A problem is that laptops and minicomputers tend to 'steal' system RAM if under intensive graphics load causing camera sofware to run more slowly. Much depends on graphics card, but their on-board graphics are often inferior to desktops. Frankly, I found a 7i5-2600 processor with Iris Plus 640 Graphics would often crash due to inadequate resources with only 4 Gb RAM. It would run with 8Gb RAM, but still quite slowly, and it took a 8i7-8550 with 16 Gb before it ran in 'real time'. Some mini-computers (like cheaper NUCs) are supplied with only 4GB RAM so it is easy to be caught out.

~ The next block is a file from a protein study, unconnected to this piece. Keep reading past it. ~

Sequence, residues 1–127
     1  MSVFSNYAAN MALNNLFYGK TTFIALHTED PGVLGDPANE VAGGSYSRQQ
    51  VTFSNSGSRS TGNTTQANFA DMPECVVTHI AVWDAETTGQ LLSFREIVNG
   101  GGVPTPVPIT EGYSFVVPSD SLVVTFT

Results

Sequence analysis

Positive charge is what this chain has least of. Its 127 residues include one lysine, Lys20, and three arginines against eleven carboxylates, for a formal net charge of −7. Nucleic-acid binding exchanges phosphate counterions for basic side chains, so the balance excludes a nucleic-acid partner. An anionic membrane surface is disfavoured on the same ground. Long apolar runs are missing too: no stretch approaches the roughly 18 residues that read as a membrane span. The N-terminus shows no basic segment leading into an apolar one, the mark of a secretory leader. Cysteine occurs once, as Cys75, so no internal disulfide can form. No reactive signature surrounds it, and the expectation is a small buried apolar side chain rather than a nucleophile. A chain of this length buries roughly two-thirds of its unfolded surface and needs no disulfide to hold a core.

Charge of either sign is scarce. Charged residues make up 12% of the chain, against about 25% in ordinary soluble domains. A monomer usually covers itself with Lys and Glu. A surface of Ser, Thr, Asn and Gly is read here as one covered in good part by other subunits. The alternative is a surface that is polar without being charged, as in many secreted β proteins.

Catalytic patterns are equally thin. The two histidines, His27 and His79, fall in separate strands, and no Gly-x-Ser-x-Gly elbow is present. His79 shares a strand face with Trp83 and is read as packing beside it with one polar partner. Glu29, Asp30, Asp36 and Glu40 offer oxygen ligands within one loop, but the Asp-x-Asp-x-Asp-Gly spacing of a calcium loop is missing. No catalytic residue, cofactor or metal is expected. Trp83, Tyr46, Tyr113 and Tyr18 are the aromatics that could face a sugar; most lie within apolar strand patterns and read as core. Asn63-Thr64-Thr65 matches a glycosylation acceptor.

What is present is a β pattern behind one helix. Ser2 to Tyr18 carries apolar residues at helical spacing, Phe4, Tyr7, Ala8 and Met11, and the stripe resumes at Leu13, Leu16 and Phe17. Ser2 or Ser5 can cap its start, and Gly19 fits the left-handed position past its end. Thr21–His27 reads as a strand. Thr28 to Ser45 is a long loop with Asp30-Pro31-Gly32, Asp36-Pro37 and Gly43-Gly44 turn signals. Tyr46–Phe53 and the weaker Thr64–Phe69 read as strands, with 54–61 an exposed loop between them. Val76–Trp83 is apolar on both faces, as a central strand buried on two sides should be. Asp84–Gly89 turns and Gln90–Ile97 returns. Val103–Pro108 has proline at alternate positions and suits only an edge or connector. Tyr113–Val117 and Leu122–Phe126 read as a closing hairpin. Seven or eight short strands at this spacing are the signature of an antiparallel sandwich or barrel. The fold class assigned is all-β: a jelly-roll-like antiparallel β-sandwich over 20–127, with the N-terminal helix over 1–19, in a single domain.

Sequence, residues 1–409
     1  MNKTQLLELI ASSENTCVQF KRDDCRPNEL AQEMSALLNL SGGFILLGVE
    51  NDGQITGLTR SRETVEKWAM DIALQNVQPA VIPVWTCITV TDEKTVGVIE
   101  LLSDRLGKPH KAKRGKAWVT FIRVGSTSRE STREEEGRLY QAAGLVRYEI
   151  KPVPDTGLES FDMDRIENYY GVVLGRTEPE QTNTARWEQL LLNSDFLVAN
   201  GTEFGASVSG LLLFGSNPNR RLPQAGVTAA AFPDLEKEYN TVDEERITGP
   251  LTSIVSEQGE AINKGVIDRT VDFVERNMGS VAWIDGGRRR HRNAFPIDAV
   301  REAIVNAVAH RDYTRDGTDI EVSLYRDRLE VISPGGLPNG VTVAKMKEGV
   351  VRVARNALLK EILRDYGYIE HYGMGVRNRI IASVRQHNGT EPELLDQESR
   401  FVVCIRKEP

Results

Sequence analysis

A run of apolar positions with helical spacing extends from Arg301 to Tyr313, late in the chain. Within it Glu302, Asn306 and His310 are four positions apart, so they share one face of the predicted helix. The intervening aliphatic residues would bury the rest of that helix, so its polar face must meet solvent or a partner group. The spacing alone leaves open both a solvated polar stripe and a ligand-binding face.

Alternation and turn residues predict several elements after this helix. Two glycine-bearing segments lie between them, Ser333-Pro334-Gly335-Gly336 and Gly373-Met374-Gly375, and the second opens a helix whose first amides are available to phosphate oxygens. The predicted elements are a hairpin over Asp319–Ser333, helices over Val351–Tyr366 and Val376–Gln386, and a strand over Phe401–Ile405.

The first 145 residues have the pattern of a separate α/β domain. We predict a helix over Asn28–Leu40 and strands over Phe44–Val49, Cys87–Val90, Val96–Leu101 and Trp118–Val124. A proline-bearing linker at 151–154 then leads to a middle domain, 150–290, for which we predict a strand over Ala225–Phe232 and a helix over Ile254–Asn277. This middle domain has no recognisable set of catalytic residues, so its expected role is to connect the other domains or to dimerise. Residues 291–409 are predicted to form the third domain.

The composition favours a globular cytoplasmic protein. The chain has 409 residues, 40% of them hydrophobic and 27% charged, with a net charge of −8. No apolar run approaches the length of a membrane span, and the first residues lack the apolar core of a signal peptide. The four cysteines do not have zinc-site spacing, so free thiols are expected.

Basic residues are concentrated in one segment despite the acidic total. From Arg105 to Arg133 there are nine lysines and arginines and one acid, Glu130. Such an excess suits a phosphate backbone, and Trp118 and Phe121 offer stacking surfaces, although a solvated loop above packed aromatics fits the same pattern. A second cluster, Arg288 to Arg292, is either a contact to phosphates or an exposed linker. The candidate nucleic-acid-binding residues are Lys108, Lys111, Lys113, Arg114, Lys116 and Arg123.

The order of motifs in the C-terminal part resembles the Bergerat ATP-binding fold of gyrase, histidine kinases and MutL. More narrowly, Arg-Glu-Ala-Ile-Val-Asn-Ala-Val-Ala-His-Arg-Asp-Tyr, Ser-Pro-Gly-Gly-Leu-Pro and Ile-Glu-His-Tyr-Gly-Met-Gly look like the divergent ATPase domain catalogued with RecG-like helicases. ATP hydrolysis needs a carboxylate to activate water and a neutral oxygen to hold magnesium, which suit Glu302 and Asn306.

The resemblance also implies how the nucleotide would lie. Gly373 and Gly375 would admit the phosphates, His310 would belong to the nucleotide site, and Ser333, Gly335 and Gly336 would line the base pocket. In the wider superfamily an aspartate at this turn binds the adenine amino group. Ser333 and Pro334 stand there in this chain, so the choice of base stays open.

A contributory factor is Windows 10 demands signifcant system resources. LINUX and can reduce this load. My point is that when considering budget in any ultimate system, with the advent of CMOS, choice of computer is becoming more significant. Hence, that battered old laptop might not suffice, albeit that if running (unsupported) Windows 7 it is probably faster than if running Windows 10.